Lowell Bergman Interview: Conversations with History: Institute of International Studies, UC Berkeley
|Photo by Jane Scherr|
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You went on to do undergraduate work at Wisconsin?
I got a scholarship to go to the University of Wisconsin. I had met some people the summer before, in 1963 -- I graduated from high school in '63 -- and I got shipped off to Puerto Rico for an Alliance for Progress meeting of youth. I met a couple of guys from the U.S. who were there as well, and who were telling me Wisconsin was a great place. Because, really, I had never crossed the Hudson River, except for a couple of times to Philadelphia to a seder. So, I had no idea what, really, the rest of the world was like.
You got involved as a student in civil rights and anti-war activity.
Yeah, I got attracted to the anti-war movement, actually the Ban the Bomb movement in high school, because it just logically made sense to me. I grew up in the era when you would have air raid drills in elementary school, and you got under your desk. And somebody actually got me a copy of the original Port Huron statement from the SDS [Students for a Democratic Society], which is a statement about contradictions. It made a big impression on me, because you could see that in everything from sex to politics, there were always contradictory things going on, and you were looking for a way to express it. I got involved in the "Turn Towards Peace" demonstration, I remember. They put me on a bus at Columbia University, and I was like the bus monitor; I was about seventeen, and we went up to, I think it was Sarah Lawrence College and picked up a busload of young women, all with funny names like Sunflower, and all of whom were quite attractive. And I said, "Well, this might be for me."
I see. High school kids today might not really have a sense of what the sixties and that experience meant for your generation. So, I'm curious, what, in retrospect, was distinctive and lasting for you about that experience of living through the sixties as a young person?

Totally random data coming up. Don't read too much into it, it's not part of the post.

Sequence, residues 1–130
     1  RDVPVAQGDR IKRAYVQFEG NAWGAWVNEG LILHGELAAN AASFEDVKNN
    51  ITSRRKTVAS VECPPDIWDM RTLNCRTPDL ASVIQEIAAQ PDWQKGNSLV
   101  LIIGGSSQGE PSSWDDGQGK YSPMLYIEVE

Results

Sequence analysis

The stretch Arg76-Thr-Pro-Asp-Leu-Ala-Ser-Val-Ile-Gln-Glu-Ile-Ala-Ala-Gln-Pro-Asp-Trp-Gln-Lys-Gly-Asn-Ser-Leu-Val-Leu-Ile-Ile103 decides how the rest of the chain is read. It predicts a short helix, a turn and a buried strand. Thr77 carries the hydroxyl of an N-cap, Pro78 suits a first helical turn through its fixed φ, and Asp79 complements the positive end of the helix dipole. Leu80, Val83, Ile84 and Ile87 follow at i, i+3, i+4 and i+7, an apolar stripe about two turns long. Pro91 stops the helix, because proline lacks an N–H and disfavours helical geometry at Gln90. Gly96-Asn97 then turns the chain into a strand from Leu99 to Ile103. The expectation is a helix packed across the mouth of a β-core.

You mean the whole ...
Yeah, the whole megillah.
The whole megillah! Well, I think a combination of things. One was that it was to me, and always stayed the same, was an attempt to look for the truth that you knew and felt versus what you were told. So if the U.S. was the defender of democracy, how come there was Apartheid, basically, in the United States? If we were the peace-loving country, why were we, early in the sixties, bombing Laos or Vietnam, or then it was the Dominican Republic -- invading places and so on? And, it's those kinds of stark contrasts that people like me were working out during this period of time.
Also, coming from a sort of working-class background, or lower middle-class, if you will, I was always had -- and I still do have -- that Depression fear of never working again. If someone offered you a job, you took it. So, the whole idea of dropping out, of stopping doing what you were on a track to do, which I saw a lot of people do before I did it, in late '68, early '69, when I finally cut my institutional ties, was a major thing for me to do. [My background] gave me the strength to a certain extent to do that without destroying myself in the process. A lot of people dropped out, got hurt, or didn't follow through, but there seemed to be a way to balance what was going on.
And these contradictions hearken back to what you were saying about the Port Huron Statement, because it was a document that put down on paper these kinds of contradictions. So you were at Wisconsin, and then at U.C. San Diego, you were drawn to theory, to political philosophy. Why, do you think?
Well, first of all, I was an academic. I was at the University of Wisconsin. We did get heavily involved, for instance, in the South, in the preparations for what became Freedom Summer. I did a bunch of trips down -- was involved in the logistics to help set it up, and had been through that process. Just the contradictions in that were interesting to me.
Wisconsin in those days had a small magazine called Studies on the Left, and there was an unusual agglomeration of faculty. There was William Appleman Williams, who was in the History Department; there was George Mosse in History, whom I worked for, for a while; and Hans Gerth in Sociology; and a History professor named Harvey Goldberg, who did history of the French Revolution almost every other semester. I'm talking about classes with four- and five hundred people, and great lecturers. It was a sense of trying to learn about ideas, and [a sense] that ideas would help you understand what to do. And clearly, Marxist theory, as well as standard capitalist theory -- neither seem to be adequate, neither seem to be fruitful in terms of really understanding what you want the world to be or how you want it to live.
I learned a lot through Hans Gerth, who had translated all of Max Weber, and who introduced me to people like Lucas. In that spirit [of searching] he said, "Go study with Marcuse," whom I had never heard of.
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